My father loves Reader’s Digest. Next to the “Life’s Like That” anecdotes, he enjoyed the column called “It Pays to Increase Your Word Power,” which was his monthly opportunity to increase his vocabulary. Maybe I got my love of words from him because once he showed me the column, I started reading it religiously.
As someone who does a lot of writing and reading, I have great respect for someone who has the gift of finding just the right words and phrases to get a point across. And I’ve discovered that you can increase your word power in all sorts of ways. That includes listening to rock music.
For example, when I first heard Queen’s “Bohemian Rhapsody,” I was moved to look up “bohemian” in the dictionary. George Harrison taught me about the Hare Krishnas. I still know how to ask someone to sleep with me in French thanks to Labelle and “Lady Marmalade” (not that it’s ever worked, of course). I once did an English project that deciphered words in the Beatles’ “I Am the Walrus” (Pilchards, anyone?) The only reason I know the definition of a “levee” is thanks to Led Zeppelin and Don McLean. And I got a great lesson in mid-70s British politics from the Sex Pistols’ “Anarchy in the UK.”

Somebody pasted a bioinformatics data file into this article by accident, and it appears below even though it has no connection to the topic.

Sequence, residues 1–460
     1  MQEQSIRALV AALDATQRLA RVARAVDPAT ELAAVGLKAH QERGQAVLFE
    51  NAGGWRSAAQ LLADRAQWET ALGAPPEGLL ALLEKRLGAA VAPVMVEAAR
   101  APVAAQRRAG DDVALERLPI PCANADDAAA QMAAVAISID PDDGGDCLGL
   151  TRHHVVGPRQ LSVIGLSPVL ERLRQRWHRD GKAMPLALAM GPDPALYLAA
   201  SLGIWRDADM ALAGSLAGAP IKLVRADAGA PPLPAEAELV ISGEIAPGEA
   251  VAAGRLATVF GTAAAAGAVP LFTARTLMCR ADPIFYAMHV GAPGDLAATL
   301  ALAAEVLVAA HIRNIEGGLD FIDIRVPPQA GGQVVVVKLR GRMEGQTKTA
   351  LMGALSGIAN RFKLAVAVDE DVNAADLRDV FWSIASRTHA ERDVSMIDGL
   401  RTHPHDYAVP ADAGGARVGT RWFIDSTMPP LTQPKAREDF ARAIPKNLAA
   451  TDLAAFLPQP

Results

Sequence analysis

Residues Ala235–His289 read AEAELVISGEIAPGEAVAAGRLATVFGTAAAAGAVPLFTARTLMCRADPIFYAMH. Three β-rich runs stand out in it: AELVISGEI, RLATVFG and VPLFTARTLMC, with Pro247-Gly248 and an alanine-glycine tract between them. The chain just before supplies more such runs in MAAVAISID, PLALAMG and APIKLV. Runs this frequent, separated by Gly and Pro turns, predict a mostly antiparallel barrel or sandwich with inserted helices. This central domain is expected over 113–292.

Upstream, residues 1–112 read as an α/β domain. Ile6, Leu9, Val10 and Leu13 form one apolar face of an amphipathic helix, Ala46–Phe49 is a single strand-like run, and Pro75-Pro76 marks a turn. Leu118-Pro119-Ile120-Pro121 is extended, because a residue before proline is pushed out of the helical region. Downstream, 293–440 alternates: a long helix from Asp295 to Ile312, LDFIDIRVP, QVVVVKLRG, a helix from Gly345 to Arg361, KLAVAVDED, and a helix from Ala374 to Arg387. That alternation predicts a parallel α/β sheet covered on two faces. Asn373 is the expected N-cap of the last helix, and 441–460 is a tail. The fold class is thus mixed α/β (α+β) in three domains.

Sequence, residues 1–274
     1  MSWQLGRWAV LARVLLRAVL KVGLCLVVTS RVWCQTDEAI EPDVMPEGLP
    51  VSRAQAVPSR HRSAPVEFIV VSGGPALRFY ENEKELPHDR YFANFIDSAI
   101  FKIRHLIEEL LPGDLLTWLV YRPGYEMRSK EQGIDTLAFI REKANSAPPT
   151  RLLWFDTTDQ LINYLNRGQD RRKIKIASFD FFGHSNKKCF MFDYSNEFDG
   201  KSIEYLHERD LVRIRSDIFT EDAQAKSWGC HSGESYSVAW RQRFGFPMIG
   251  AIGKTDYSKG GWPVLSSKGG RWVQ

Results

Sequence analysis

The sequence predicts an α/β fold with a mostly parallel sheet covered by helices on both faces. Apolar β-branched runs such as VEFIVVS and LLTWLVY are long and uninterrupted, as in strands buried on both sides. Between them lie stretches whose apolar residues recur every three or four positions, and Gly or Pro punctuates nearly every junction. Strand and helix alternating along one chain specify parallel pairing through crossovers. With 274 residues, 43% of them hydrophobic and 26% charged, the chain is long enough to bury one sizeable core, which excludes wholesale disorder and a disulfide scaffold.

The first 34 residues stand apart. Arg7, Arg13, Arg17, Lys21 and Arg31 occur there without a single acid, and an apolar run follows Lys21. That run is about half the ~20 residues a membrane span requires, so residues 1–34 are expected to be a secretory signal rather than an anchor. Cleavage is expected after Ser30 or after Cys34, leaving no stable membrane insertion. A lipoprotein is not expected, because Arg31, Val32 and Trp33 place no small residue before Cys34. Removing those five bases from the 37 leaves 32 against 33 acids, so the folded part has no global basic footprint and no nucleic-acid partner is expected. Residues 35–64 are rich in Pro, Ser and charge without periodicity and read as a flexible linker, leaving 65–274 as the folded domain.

This is nicely summed up in an article at The Weeklings entitled “50 Rock & Roll Songs That Increased My Word Power.”
ROCK AND ROLL SONGS have taught me a lot. And by “rock & roll,” I mean rock, folk, punk, funk, metal, prog, R & B, disco, rap, and pop. While peers, family, and work edified me in various ways outside of school, rock and roll songs, specifically, taught me the value of defiance, the efficacy of shock, etc. No surprises there. As the years trundle on, however, I realize something less obvious: rock and roll, an art form ostensibly focused on the less cerebral aspects of life, has actually enhanced my vocabulary. And I know I’m not alone.
There’s much good in this. Because music is the second greatest time-travel device (scent is the first), I can pinpoint when and where I learned certain words, and this feels like a triumph over forgetfulness. I connect to my formative years – roughly toddlerhood through about 15 – in which I listened constantly to my mom’s records, my first LPs, and the radio, grooving, daydreaming, but also, apparently, learning. (After this time I became a voracious reader and paid more attention in school.)
For instance, I have no idea when and where I learned the word encyclopedia. But I do remember when and where I learned the word bustle. Bustle, of course, refers to the Victorian garment (designed by a sadist) to enhance a woman’s posterior, and in Led Zeppelin’s deathless “Stairway to Heaven,” Robert Plant sings, “If there’s a bustle in your hedgerow, don’t be alarmed now / It’s just a spring clean for the May Queen.” I wondered what that was, that bustle, so I looked it up. I was 12. (I also wondered what it was doing in the hedgerow, but I had my ideas.)
Continue reading. What words has rock’n’roll taught you? (And try to keep it clean, okay?)